Via Chris, on Twitter (I hope I’m not preempting him here), an Open Letter from a Keynesian to a Marxist by Joan Robinson, and “Zombie Marx”, an essay by Mike Beggs. Here is Robinson, writing in 1953:
I was a student at a time when vulgar economics was in a particularly vulgar state. … There was Great Britain with never less than a million workers unemployed, and there was I with my supervisor teaching me that it is logically impossible to have unemployment because of Say’s Law. Now comes Keynes and proves that Say’s Law is nonsense (so did Marx, of course, but my supervisor never drew my attention to Marx’s views on the subject). … The thing I am going to say that will make you too numb or too hot (according to temperament) to understand the rest of my letter is this: I understand Marx far and away better than you do. (I shall give you an interesting historical explanation of why this is so in a minute, if you are not completely frozen stiff or boiling over before you get to that bit.) When I say I understand Marx better than you, I don’t mean to say that I know the text better than you do. If you start throwing quotations at me you will have me baffled in no time. In fact, I refuse to play before you begin. What I mean is that I have Marx in my bones and you have him in your mouth. … suppose we each want to recall some tricky point in Capital, for instance the schema at the end of Volume II. What do you do? You take down the volume and look it up. What do I do? I take the back of an envelope and work it out.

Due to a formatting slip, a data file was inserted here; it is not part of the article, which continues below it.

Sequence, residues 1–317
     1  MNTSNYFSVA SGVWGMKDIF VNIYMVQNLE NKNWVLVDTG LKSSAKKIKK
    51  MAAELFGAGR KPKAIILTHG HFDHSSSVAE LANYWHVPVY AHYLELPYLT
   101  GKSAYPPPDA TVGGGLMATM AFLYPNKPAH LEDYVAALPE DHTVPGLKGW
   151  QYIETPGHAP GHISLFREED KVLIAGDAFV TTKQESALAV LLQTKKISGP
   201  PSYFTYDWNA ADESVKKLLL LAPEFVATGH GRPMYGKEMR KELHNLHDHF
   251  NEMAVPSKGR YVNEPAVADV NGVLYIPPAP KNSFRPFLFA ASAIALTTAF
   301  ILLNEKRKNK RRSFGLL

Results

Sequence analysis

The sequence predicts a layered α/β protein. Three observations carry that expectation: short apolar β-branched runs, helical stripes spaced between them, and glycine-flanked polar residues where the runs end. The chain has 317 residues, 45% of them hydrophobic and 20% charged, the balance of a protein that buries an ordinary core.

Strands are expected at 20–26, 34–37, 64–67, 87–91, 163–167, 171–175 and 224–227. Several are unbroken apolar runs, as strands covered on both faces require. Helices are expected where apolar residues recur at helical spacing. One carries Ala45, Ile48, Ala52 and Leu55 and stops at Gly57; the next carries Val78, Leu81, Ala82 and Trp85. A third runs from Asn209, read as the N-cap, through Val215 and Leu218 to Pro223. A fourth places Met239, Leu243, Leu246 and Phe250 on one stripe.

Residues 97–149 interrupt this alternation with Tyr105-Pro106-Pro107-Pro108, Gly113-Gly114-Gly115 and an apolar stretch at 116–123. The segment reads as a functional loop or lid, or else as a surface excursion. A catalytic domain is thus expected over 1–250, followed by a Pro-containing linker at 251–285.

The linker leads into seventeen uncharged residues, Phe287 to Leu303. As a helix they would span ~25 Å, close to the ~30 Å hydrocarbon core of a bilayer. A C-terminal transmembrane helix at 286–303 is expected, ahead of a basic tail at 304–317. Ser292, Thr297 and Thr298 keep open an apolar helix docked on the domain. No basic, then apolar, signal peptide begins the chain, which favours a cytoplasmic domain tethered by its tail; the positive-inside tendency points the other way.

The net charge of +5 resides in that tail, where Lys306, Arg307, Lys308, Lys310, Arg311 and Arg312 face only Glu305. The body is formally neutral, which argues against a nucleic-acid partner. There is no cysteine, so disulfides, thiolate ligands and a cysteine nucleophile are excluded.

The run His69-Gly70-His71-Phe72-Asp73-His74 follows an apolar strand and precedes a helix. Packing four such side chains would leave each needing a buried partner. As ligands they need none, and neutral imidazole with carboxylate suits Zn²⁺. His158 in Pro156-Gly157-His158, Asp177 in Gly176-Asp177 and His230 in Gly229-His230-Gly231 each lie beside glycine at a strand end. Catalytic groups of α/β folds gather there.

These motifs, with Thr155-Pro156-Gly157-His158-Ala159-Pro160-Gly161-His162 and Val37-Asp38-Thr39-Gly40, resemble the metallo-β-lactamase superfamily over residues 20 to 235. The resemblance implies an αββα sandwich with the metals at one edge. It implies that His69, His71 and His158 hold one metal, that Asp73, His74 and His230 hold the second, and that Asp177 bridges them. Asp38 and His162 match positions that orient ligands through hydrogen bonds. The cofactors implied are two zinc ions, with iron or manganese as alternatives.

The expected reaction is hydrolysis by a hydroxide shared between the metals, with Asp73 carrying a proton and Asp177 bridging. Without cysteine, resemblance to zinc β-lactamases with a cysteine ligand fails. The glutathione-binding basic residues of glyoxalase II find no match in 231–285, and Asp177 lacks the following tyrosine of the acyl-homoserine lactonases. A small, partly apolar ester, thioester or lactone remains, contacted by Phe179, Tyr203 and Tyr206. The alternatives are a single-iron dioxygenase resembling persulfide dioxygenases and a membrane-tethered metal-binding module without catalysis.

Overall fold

And here is Beggs:
There are generations of economists who would call themselves Marxists, or admit Marx as a major influence, who have … engaged with other strands of economic thought and folded them into their worldview, have worried little about dropping from their analyses those aspects of Marx’s argument they believed to be wrong or unhelpful, and have felt no need to pepper their writing with appeals to authority in the form of biblical quotations. But in each generation, there are others who have defended an “orthodox” Marxian economics as a separate and superior paradigm, which can only be contaminated by absorbing ideas from elsewhere. … If we are to engage in these ways with modern economics, what, if anything, makes our analysis distinctively Marxist? It is the two-fold project behind Capital as a critique of political economy: first to demonstrate the social preconditions that lie beneath the concepts of political economy, and especially their dependence on class relationships; and second, to demonstrate these social relations as historical, not eternal. These two strands of Marx’s thought are as valid as ever. The way to apply them today is … is to deal not only, not even mainly, with economic high theory, but also with the applied economics produced every day in the reports and statements of central banks, Treasuries, the IMF, etc., and ask, what are the implicit class relations here? Why are these the driving issues at this point in history? What are the deeper social contradictions lying behind them? The pursuit of a separate system of economics as something wholly other from mainstream economics isolates us from the political and ideological space where these things take place: better, instead, to fight from the inside, to make clear the social and political content of the categories. A side effect is that we learn to think for ourselves again about how capitalism works, to be able to answer the kinds of question DeLong raised against Harvey, no longer lost without the appropriate quotation.